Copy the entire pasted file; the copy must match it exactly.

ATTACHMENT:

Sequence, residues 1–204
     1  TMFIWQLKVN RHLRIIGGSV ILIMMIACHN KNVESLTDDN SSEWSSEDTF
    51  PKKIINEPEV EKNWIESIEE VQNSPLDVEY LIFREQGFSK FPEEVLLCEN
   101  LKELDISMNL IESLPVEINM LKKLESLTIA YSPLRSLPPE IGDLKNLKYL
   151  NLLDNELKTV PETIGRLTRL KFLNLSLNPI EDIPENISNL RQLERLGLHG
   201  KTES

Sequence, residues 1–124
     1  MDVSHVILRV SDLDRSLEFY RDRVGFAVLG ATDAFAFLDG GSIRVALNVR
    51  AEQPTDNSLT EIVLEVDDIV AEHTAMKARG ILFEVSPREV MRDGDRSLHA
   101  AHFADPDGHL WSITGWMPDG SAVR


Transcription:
Sequence, residues 1–204
     1  TMFIWQLKVN RHLRIIGGSV ILIMMIACHN KNVESLTDDN SSEWSSEDTF
    51  PKKIINEPEV EKNWIESIEE VQNSPLDVEY LIFREQGFSK FPEEVLLCEN
   101  LKELDISMNL IESLPVEINM LKKLESLTIA YSPLRSLPPE IGDLKNLKYL
   151  NLLDNELKTV PETIGRLTRL KFLNLSLNPI EDIPENISNL RQLERLGLHG
   201  KTES

Sequence, residues 1–124
     1  MDVSHVILRV SDLDRSLEFY RDRVGFAVLG ATDAFAFLDG GSIRVALNVR
    51  AEQPTDNSLT EIVLEVDDIV AEHTAMKARG ILFEVSPREV MRDGDRSLHA
   101  AHFADPDGHL WSITGWMPDG SAVR